Visiting Fellow and Incidental Student Records
Held at: Princeton University Library: University Archives [Contact Us]
This is a finding aid. It is a description of archival material held at the Princeton University Library: University Archives. Unless otherwise noted, the materials described below are physically available in their reading room, and not digitally available through the web.
Overview and metadata sections
The earliest form of organized graduate education at Princeton began when President James Carnahan announced the establishment of a Law School in 1846, which awarded its last degree in 1852. Graduate work in a formal sense emerged at Princeton in the 1870s when President James McCosh added new faculty and graduate fellowships. The introduction of graduate work in the sciences came with the opening of the John C. Green School of Science in 1873, offering both masters and doctoral degrees.
Princeton's Graduate School, established officially by the Trustees in late 1900, began its operations in the fall of 1901. The School's first dean, Andrew Fleming West, sought to improve the quality of education by insisting on high entrance and academic standards and by creating what he believed to be the proper residential setting, a Graduate College, where the students would learn from one another. Merwick, located on Bayard Lane and provided by benefactor Moses Taylor Pyne in 1905, served as the first residence for graduate students. It housed twelve to fifteen students and served as a dining facility and center of recreation.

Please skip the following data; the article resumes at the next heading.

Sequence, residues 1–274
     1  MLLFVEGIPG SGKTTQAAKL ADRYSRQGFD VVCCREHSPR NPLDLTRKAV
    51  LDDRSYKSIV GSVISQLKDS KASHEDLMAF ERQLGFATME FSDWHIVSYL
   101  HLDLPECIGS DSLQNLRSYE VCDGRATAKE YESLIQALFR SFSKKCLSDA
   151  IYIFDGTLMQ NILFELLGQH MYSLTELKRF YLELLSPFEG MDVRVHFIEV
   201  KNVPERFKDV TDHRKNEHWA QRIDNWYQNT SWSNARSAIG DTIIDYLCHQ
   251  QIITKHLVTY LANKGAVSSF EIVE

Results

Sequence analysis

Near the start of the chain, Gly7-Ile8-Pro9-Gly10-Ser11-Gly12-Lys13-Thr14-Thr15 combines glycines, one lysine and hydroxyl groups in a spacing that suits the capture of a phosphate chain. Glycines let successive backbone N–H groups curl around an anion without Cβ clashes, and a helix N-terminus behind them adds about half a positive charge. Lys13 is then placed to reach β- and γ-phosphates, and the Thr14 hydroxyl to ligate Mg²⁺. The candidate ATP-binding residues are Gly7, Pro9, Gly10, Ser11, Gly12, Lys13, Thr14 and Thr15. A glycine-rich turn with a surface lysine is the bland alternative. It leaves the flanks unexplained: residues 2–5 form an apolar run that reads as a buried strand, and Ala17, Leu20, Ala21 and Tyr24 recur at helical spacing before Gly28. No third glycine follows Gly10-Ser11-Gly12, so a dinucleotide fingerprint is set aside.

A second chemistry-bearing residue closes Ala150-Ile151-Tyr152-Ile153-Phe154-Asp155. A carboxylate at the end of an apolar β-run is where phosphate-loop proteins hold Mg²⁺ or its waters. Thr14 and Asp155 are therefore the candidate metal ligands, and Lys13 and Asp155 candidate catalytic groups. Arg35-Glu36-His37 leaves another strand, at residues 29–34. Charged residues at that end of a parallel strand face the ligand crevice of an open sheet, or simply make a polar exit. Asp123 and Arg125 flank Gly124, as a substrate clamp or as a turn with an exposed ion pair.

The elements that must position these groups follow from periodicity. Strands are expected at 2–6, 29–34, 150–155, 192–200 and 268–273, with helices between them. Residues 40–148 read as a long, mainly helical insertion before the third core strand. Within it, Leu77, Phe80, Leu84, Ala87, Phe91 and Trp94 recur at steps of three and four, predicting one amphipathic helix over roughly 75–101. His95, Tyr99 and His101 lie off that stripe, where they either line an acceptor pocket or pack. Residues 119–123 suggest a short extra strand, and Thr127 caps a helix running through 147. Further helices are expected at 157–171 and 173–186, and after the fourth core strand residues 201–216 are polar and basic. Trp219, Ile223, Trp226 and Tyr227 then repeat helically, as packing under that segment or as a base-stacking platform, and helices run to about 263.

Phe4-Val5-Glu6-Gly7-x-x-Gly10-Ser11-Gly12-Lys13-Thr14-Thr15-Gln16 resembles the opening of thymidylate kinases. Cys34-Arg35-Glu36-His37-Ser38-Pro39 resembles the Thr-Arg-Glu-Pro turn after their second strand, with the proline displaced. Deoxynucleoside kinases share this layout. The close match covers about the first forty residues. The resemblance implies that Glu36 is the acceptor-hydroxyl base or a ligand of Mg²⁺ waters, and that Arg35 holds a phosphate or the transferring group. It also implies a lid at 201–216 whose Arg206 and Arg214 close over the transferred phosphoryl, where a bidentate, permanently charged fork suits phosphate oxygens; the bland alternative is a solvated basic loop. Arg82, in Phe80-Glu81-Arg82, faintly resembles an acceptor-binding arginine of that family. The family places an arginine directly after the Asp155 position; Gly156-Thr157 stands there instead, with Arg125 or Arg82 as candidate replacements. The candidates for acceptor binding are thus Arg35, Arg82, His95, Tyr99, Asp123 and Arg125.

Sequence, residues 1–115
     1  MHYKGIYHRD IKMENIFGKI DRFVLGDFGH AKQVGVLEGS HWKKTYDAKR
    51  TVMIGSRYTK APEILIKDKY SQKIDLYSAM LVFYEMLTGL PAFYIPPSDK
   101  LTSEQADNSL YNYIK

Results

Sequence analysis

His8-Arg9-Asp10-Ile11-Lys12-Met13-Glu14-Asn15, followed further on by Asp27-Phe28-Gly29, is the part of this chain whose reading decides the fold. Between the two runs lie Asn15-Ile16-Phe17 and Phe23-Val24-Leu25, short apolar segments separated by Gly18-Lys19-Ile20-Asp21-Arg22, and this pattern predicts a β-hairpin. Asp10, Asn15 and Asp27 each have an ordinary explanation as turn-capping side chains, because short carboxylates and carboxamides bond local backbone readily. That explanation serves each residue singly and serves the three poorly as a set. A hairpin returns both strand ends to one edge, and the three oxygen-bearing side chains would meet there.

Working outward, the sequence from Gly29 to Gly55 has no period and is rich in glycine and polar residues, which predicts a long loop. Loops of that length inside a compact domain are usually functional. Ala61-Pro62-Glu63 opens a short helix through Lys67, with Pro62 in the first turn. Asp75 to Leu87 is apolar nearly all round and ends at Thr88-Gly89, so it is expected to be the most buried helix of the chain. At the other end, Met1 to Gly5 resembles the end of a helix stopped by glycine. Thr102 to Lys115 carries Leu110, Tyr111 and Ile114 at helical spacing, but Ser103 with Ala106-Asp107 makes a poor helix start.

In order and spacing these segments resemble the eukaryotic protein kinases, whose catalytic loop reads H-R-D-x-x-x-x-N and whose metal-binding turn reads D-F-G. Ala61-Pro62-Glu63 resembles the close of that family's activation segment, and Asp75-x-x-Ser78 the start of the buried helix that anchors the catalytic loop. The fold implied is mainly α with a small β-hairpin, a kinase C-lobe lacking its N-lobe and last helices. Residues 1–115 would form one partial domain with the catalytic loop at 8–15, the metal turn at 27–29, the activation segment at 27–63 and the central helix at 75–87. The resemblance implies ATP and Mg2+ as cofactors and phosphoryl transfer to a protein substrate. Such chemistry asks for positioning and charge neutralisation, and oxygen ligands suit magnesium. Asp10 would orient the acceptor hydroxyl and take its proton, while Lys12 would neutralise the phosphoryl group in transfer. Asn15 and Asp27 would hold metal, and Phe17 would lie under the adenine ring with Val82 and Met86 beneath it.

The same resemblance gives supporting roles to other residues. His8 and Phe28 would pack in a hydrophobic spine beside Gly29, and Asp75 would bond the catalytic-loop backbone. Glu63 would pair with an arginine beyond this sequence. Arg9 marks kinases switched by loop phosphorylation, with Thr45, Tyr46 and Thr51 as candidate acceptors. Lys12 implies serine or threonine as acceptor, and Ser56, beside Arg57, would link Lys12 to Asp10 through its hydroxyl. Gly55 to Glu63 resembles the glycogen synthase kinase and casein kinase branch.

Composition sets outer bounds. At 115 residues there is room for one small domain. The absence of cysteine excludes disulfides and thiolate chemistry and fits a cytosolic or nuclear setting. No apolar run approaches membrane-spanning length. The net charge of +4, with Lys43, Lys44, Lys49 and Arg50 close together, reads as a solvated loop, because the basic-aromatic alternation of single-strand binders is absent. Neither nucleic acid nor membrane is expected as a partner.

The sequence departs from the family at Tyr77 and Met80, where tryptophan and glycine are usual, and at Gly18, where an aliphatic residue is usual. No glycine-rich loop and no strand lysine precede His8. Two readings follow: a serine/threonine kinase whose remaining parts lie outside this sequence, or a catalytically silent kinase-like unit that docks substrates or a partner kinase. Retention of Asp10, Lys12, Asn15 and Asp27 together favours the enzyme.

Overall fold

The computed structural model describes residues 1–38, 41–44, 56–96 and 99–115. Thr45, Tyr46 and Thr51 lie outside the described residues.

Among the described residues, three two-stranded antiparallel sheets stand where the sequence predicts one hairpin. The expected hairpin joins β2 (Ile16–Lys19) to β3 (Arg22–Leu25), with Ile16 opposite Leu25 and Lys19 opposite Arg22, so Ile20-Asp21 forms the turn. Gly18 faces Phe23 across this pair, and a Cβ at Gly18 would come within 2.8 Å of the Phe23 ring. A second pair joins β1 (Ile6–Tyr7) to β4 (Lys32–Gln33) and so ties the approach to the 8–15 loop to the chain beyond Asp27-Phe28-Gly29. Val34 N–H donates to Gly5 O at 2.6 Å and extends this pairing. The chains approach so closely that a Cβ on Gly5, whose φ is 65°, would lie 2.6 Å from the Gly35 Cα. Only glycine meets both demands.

Upon her death in 1906, Josephine Thomson Swann, the first benefactor of the Graduate School, bequeathed $275,000 to Princeton for the construction of a Graduate College in her late husband's name. This money allowed Dean West and President Woodrow Wilson to formulate plans for the Graduate School, but controversy came with the building of the Graduate College, which would replace Merwick as a residence for students. West proposed that the College be remotely located, away from the distractions of undergraduate life, while Wilson favored a site near Prospect House. William Cooper Procter, Class of 1883, who contributed funds for what would become Procter Hall, strongly campaigned for the site near the golf links. He offered $500,000 toward the Graduate College, but found Wilson's choice for the site unsuitable and made his offer conditional "upon further understanding that some other site be chosen, which shall be satisfactory to me." Wilson refused to accept a gift upon such terms, and held tightly to his belief that West could not succeed in his plan to locate the Graduate College at the golf links, away from the "existing life of the University." Although Wilson had the support of the faculty and a majority of the trustees, Procter still insisted on his conditions.